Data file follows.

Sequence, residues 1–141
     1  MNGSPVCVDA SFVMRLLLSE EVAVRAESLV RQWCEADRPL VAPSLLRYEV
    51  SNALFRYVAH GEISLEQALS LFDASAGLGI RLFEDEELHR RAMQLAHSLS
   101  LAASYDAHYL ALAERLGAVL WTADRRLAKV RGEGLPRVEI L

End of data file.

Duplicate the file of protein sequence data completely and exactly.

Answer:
Sequence, residues 1–141
     1  MNGSPVCVDA SFVMRLLLSE EVAVRAESLV RQWCEADRPL VAPSLLRYEV
    51  SNALFRYVAH GEISLEQALS LFDASAGLGI RLFEDEELHR RAMQLAHSLS
   101  LAASYDAHYL ALAERLGAVL WTADRRLAKV RGEGLPRVEI L